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My data is reported at the household level (i.e. electricity consumption for the whole house) but it also has some descriptive data of the individuals within the household (i.e. there are 2 individuals in household A, aged 15 and 45).

For example:

enter image description here

What is the best method do determine what impact 15 year olds have on electricity consumption? Or similar question?

My initial approach was create some categorical variables with age bins and then estimate their impact using a linear regression. But I'm eager to hear of plausible alternative methods, perhaps a states based alternative?

Thanks for the help!

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  • $\begingroup$ You want to estimate the impact of 15 year olds or of age generally? $\endgroup$ – Heteroskedastic Jim Jul 6 '17 at 2:42
  • $\begingroup$ Probably either ultimately, i just need to estimate the relationship to incorporate into a demographic model. $\endgroup$ – lexkel Jul 6 '17 at 2:49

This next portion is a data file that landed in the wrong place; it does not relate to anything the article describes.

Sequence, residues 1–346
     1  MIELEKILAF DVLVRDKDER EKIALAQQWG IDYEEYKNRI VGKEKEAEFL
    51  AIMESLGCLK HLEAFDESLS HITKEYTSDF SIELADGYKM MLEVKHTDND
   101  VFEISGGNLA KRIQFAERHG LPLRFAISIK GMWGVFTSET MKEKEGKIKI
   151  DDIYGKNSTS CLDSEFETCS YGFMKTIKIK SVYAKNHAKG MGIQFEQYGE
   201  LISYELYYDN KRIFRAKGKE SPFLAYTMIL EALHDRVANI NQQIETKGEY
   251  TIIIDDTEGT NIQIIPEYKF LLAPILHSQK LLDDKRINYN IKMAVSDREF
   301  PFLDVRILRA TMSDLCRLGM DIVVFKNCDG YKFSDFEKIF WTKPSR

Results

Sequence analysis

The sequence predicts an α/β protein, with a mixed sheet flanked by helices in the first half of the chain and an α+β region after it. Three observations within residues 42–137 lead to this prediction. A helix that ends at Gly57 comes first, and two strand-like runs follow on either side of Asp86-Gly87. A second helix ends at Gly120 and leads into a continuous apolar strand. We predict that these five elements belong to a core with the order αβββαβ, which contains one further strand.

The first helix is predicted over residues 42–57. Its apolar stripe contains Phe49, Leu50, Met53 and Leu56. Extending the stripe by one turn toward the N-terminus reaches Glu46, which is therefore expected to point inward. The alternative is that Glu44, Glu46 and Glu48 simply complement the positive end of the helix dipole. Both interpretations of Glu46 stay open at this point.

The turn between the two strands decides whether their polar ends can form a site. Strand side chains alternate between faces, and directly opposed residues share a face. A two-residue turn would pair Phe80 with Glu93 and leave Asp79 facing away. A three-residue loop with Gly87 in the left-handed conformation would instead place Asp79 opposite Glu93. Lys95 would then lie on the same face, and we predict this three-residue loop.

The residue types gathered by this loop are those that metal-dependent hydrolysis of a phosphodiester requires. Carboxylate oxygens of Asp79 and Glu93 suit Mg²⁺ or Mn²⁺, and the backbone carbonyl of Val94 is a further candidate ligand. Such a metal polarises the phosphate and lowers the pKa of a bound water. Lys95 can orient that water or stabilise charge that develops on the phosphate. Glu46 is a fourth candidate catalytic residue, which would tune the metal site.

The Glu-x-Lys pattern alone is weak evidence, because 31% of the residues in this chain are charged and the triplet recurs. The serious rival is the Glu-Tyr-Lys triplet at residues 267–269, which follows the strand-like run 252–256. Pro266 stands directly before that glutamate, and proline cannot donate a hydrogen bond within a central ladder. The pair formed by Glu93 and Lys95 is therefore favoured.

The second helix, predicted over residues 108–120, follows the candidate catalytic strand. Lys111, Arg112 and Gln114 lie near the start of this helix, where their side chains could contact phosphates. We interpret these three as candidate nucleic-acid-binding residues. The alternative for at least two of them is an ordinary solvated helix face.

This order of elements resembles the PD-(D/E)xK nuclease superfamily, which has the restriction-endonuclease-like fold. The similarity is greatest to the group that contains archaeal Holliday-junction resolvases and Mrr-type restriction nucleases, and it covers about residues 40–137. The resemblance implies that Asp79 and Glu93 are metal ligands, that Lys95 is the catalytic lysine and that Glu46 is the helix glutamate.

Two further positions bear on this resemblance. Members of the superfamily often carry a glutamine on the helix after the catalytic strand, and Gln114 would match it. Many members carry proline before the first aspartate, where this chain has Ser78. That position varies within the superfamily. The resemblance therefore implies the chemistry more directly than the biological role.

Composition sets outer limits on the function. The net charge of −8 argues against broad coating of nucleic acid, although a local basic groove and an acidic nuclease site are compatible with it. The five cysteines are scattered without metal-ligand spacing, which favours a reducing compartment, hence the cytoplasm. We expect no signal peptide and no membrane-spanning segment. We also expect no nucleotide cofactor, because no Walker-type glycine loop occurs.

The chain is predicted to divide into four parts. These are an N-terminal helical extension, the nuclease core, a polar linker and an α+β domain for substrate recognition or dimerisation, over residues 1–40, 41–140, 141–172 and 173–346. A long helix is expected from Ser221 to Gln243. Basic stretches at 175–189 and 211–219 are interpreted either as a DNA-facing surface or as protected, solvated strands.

• $\begingroup$ There is no variability within household on the outcome, as your outcome is at the household level. You would not run this as a multilevel model. I've given an answer on how you could test the effect of 15 year olds. $\endgroup$ – Heteroskedastic Jim Jul 6 '17 at 2:53
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Actually, you would not run this as a multilevel model, as your outcome is at the household level. It is a regular regression. There are a number of ways you could code each household:

  • Whether or not it has a 15 year old in it - binary variable
  • Number of 15 year old members of household - count variable
  • Proportion of household that is 15 years old

The first option reduces to a t-test. The second and third options will probably give you zero-inflated predictors. See the comments on this post for options to deal with zero-inflated predictors - "Zero-inflated" predictors in regression?

If you intend to represent other age categories as predictors, they can be added into the model using any of the options above; of course, be consistent.

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